“I’ve got to beat my own state record before somebody else does,” Clementz says. “It’s going to get beat, and I’m going to do it.”

Caring for a massive pumpkin is demanding. Throughout the growing period, he spends four to five hours in the garden each weeknight (and more on weekends), tending to three giant pumpkins. (Mark says you have to have a backup or two.)

The best one lands a spot as the sole occupant of a 1,300-square-foot greenhouse and gets fed 100 gallons of water a day. With too little water, it won’t reach its potential; with too much, it could rot. He’s constantly pulling weeds and keeping the pumpkin at its ideal temperature, placing a propane heater in its greenhouse if a cold spell hits.

All the while, mother nature is working against Clementz: A pumpkin growing too fast runs the risk of cracking or splitting open. This year’s first-string backup recently took a blow to the skin during a hail storm, leaving a two-inch scar. A three-inch hole will get you disqualified.

The night before a weigh-off, Clementz cuts each pumpkin’s vines and hoists it off the ground with an 80-horsepower John Deere tractor. Then, it’s into his friend’s trailer to hit the competition circuit. Contestants can only compete with one pumpkin per weigh-off, and the same pumpkin can’t compete in more than one.

After Clementz has had his time on the winners’ podium, he’ll travel throughout Michigan with the pumpkin in tow, raising money for the Spirit of Alexandria Foundation, which offers scholarships for elementary school students to attend camp at the Howell Nature Center.

In 2015, Clementz sold raffle tickets to win the pumpkin or a cash prize of $300 and collected $3,200, with half of the proceeds going directly to the scholarship foundation.

The aficionado is also back in the seed business — this time, he’s selling individual seeds from his giant pumpkins. Most retail for $50 a seed, though the seven he has left from his Michigan state record pumpkin aren’t for sale. With an average of 500 seeds in each pumpkin, Clementz brought in more than $10,000 in seed sales alone last year. He also launched his own line of fertilizers that are specifically designed to help others grow giant vegetables.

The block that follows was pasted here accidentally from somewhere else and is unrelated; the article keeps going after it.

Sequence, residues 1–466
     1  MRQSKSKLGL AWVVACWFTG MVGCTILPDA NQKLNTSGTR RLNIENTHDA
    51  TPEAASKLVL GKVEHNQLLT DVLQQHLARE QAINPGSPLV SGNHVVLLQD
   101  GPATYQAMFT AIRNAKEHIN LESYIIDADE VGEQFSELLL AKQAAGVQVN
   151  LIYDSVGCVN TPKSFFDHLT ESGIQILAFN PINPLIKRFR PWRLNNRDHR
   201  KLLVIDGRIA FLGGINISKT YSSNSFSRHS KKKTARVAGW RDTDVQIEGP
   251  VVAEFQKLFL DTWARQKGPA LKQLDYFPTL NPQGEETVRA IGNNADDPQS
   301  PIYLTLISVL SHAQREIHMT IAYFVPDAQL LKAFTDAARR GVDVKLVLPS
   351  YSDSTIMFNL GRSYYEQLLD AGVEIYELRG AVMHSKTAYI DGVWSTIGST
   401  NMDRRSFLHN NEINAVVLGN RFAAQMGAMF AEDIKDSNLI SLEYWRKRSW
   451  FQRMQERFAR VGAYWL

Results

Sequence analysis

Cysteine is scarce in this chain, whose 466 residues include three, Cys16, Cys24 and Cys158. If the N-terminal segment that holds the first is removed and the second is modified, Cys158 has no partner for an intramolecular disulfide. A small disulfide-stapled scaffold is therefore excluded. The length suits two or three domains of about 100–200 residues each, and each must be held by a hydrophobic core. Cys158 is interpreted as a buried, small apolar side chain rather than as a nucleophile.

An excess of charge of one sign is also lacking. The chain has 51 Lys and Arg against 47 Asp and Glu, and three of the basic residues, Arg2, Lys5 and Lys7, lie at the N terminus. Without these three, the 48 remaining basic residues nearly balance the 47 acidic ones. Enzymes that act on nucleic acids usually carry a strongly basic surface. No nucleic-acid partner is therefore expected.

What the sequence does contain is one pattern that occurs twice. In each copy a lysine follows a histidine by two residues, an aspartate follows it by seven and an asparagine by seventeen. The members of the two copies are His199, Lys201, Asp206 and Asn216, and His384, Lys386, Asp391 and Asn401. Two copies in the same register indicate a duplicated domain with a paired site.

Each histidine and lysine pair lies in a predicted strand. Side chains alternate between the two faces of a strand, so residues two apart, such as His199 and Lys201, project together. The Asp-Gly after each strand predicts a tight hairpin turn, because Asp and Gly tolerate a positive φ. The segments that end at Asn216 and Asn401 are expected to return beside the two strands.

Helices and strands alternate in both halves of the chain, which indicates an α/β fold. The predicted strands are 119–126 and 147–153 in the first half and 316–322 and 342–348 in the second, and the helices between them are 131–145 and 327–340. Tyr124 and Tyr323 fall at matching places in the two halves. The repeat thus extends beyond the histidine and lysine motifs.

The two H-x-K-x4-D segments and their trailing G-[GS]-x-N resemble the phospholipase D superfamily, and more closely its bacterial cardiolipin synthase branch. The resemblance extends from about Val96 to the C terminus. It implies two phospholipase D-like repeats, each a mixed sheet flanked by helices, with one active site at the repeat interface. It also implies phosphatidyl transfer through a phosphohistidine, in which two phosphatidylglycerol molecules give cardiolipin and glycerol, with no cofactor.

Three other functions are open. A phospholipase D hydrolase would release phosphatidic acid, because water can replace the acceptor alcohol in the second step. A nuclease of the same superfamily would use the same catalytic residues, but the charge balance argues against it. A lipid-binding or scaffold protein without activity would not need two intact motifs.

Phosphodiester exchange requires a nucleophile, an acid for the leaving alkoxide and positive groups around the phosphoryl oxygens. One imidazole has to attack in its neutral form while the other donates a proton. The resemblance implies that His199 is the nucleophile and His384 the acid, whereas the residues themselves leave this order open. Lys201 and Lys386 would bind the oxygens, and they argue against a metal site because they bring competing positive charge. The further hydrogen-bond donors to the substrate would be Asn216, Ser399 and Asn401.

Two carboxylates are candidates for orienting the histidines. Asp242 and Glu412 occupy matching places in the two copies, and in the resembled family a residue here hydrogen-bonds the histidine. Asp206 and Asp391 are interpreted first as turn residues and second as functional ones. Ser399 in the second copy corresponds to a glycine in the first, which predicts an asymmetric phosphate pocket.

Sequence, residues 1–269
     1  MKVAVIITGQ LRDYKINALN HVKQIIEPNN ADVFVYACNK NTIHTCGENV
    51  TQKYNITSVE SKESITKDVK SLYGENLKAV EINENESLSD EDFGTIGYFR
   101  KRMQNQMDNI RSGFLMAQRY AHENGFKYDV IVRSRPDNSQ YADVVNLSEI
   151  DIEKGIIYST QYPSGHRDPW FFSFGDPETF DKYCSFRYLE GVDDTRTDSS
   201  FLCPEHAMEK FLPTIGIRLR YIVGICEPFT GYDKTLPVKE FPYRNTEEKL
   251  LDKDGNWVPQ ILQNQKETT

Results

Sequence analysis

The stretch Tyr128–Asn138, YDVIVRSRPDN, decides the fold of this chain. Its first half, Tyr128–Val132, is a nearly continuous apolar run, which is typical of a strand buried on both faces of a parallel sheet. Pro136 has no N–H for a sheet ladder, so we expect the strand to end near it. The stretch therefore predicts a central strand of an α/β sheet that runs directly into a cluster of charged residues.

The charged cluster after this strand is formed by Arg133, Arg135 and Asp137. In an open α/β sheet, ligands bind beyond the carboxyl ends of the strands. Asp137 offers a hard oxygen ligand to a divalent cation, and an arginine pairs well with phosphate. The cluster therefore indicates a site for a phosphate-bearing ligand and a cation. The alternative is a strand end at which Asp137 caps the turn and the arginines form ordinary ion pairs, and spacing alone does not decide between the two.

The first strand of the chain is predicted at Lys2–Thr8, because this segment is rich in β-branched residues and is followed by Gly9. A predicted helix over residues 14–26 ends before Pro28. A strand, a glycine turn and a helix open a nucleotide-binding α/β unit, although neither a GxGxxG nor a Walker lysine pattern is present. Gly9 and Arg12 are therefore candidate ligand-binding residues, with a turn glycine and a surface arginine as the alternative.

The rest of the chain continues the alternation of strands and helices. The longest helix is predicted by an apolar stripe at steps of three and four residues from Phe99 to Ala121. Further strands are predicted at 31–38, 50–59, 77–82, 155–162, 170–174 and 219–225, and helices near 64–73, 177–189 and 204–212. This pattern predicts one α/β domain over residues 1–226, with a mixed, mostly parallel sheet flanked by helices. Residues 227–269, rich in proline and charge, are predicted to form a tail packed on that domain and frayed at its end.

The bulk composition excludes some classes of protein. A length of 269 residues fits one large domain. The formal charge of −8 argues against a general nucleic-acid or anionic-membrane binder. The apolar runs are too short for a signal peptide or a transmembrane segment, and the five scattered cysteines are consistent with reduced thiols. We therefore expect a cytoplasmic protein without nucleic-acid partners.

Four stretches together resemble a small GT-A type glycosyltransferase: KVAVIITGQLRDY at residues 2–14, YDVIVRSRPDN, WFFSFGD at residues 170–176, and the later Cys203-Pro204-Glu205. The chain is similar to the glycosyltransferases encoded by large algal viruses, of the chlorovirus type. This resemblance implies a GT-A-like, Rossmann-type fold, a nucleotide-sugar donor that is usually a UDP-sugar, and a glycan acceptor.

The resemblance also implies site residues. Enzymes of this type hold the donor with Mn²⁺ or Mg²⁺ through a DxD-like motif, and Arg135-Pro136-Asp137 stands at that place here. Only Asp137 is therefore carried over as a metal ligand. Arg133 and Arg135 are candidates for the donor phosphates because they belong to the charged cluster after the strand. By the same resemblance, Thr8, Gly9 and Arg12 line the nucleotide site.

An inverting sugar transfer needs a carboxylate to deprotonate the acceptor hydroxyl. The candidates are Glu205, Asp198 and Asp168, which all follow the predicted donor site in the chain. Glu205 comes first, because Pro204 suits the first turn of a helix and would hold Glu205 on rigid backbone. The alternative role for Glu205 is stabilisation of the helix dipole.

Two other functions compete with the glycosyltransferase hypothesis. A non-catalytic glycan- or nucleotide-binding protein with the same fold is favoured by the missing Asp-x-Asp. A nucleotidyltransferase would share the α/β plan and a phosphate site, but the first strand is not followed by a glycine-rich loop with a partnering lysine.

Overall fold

“I think this is a very healthy thing for families and people to get into,” Clementz says. “I see a lot of people that really aren’t doing anything with their life. They might consider this not doing anything with your life, but to me, I feel like I have a purpose.”

Not everyone is a fan of Clementz’s kooky approach — and the fact that he’s turned his hobby into a business. Many of his critics are rooted in Canfield, Ohio, where they allow stark-white and “ugly” yellow pumpkins to compete, much to Clementz’ disapproval. To him, a pumpkin isn’t a pumpkin unless it’s bright orange.

And in 2014, when he catapulted from his usual 8th place spot into second with his 1,947-pound orange stunner, Clementz became a target. The coordinator barred him from selling his products in the building, as well as bringing “Bubba” to the stage.

“One guy explained it to me this way: He said, ‘Mark, your problem is that you moved to the top of the pile so fast that you stepped on a lot of toes.’”

As business booms, Clementz is aiming to retire as a contractor and manage the pumpkin business full-time next year.

To the cynics, he has just one piece of advice: “Don’t hate me ’cause I’m beautiful.”